The 1982 United States Surgeon General's report in 1982 stated that "cigarette smoking is the major single cause of cancer mortality (death) in the United States." This statement is as true today as it was in 1982.
Smoking is responsible for nearly 1 in 5 deaths in the United States. Because cigarette smoking and tobacco use are acquired behaviors -- activities that people choose to do -- smoking is the most preventable cause of premature death in our society.
About half of all Americans who keep smoking will die because of the habit. Each year about 443,000 people in the United States die from illnesses related to cigarette smoking. Cigarettes kill more Americans than alcohol, car accidents, suicide, AIDS, homicide and illegal drugs combined.
Cigarettes, cigars, and spit and pipe tobacco are made from dried tobacco leaves, as well as ingredients added for flavor and other reasons. More than 4,000 different chemicals have been found in tobacco and tobacco smoke. Among these are more than 60 chemicals that are known to cause cancer (carcinogens).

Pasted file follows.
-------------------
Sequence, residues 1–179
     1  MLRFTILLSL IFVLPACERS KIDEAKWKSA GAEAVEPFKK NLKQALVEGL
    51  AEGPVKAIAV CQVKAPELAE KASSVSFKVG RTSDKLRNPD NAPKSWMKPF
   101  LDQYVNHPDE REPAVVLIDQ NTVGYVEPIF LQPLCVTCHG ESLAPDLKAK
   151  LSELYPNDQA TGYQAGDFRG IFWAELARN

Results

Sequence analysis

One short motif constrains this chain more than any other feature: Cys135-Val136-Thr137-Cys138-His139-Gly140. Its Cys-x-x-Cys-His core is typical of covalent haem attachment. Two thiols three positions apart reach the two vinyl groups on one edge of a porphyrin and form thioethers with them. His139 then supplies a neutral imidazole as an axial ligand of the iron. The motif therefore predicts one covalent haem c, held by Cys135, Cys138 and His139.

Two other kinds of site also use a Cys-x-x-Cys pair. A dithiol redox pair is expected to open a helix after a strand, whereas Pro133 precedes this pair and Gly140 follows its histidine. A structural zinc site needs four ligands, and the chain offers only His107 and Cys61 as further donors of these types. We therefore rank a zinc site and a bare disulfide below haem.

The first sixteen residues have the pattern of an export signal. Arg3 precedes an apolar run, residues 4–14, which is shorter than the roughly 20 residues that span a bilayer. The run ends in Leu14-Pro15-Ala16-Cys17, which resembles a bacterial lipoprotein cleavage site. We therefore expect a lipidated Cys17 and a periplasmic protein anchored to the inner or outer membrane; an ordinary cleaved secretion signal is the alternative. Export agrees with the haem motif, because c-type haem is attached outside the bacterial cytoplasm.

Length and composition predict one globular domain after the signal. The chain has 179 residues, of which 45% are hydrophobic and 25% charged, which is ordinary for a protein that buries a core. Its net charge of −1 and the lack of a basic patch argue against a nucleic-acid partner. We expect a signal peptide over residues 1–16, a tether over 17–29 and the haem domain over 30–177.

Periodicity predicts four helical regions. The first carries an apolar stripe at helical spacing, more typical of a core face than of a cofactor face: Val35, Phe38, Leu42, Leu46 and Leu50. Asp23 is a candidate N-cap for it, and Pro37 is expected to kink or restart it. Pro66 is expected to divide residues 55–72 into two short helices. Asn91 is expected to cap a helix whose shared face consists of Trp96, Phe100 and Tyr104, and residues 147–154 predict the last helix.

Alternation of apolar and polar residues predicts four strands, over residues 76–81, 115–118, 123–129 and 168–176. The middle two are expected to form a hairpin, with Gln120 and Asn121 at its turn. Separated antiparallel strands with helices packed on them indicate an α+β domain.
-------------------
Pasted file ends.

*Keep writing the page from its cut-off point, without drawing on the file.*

There are hundreds of substances added to cigarettes by manufacturers to enhance the flavor or to make smoking more pleasant. Some of the compounds found in tobacco smoke include ammonia, tar, and carbon monoxide. Exactly what effects these substances have on the cigarette smoker's health is unknown, but there is no evidence that lowering the tar content of a cigarette lowers the health risk. Manufacturers do not usually give out information to the public about the additives used in cigarettes, so it is hard to know the health risks.
Take charge of your health and sign up for the tobacco cessation classes at the Health and Wellness Center. Team Hill federal employees will be offered 12 weeks of free tobacco cessation medication while attending classes. Funding is limited.
Call the Health and Wellness Center at (801) 777-1215 for further information.